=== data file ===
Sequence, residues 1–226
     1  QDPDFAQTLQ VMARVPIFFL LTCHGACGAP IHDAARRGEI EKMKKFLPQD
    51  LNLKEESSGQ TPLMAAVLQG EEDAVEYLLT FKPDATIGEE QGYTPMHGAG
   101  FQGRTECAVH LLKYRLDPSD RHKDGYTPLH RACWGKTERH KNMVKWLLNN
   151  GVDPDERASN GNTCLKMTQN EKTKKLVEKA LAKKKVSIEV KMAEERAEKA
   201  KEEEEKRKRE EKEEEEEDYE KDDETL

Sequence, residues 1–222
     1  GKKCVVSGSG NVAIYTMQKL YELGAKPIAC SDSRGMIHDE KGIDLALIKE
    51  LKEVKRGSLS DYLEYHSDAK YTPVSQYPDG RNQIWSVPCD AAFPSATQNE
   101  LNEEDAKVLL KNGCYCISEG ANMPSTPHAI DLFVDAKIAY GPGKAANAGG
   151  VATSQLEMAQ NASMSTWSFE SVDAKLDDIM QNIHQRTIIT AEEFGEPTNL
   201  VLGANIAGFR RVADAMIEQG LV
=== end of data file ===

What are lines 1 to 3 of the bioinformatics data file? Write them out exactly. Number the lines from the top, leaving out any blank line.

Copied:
Sequence, residues 1–226
     1  QDPDFAQTLQ VMARVPIFFL LTCHGACGAP IHDAARRGEI EKMKKFLPQD
    51  LNLKEESSGQ TPLMAAVLQG EEDAVEYLLT FKPDATIGEE QGYTPMHGAG